You haven’t had time to grocery shop and you need a vegetable dish for dinner. You pop some frozen beans into a bowl in the microwave, feeling a little sheepish that you’re not chopping and sautéing fresh kale.
It’s time to lose the guilt, according to a non-profit scientific group. They’ve been creating a series of videos busting food myths. Two of their recent videos have debunked common thinking on microwaves and frozen veggies
As the Washinton Post’s Rachel Feltman points out, microwaves use radiation to cook your food, but that doesn’t make them dangerous
. In layman’s terms:
“Microwave ovens use radio waves specially tuned to excite water molecules. Since these molecules all bounce around and heat up at the same time, your food cooks more quickly than with other methods, where molecules get excited from outside in.”
What’s more, veggies cooked in a microwave need less time and only a little bit of water, unlike poaching, sautéing or boiling, so fewer nutrients leach out.
If you pull those vegetables from the freezer, another American Chemical Society video suggests you may be getting more vitamins and nutrients than if you pulled them from your crisper. Frozen veggies are packed right after being picked. Your farmer’s market picks may match that, but produce on store shelves may have been wilting there for days. Other concerns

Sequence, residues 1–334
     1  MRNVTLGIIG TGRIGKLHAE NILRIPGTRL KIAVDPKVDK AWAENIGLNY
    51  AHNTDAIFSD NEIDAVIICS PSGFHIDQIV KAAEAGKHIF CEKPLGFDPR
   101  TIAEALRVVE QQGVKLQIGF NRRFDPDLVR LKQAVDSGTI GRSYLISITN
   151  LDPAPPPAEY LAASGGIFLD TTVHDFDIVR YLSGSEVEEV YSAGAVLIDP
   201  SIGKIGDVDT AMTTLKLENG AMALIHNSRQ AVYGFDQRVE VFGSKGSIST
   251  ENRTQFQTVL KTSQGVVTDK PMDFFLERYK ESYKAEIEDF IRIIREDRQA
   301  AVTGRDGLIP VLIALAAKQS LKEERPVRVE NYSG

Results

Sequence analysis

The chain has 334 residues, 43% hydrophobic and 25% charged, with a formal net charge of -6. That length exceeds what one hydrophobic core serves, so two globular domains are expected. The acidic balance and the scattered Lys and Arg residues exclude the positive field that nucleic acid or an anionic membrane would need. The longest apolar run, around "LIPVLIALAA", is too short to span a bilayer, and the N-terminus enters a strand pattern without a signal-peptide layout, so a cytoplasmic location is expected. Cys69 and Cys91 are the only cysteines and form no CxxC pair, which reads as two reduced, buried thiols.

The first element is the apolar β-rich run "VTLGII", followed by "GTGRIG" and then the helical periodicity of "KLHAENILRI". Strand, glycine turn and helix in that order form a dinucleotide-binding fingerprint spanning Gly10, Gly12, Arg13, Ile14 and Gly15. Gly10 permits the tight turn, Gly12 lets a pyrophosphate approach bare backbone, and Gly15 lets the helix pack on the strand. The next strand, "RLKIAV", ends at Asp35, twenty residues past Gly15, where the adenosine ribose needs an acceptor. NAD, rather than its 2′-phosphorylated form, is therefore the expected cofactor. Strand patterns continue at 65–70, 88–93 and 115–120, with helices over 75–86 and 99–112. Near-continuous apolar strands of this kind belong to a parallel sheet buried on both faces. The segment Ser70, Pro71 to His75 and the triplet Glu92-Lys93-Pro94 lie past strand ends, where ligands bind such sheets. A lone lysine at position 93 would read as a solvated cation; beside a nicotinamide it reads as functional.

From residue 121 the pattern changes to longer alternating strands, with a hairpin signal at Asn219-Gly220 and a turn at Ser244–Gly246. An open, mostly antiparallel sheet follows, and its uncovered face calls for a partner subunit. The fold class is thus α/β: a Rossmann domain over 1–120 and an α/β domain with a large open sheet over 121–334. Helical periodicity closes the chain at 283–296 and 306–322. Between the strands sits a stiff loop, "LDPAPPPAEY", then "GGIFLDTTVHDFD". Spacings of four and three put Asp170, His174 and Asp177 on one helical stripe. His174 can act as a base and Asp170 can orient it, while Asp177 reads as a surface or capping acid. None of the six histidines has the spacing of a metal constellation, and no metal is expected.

Still, there are other concerns around microwaving that are important to remember. The Canadian Cancer Society
, for one, acknowledges people’s fears around microwaving food in plastics. "Plastic containers that release anything more than a small amount of plasticizers are not approved for use in Canada," the group states on its website.
Some of their tips include:
- Using glass, ceramic and plastic containers and plastic wrap labelled "microwave safe".
- Never heat or store food in plastic containers that were not intended for food. One-time use containers, like margarine tubs, tend to warp or melt in the microwave, and this may allow more of the substances in plastic to go into the food.
- If you're using plastic containers for storage, let the food cool before storing, then refrigerate it immediately. Avoid plastics and containers that are visibly damaged, stained or have a bad smell.
Read on for more healthy fruits and vegetables
and on the top ten antioxidant-rich foods
to add to your diet.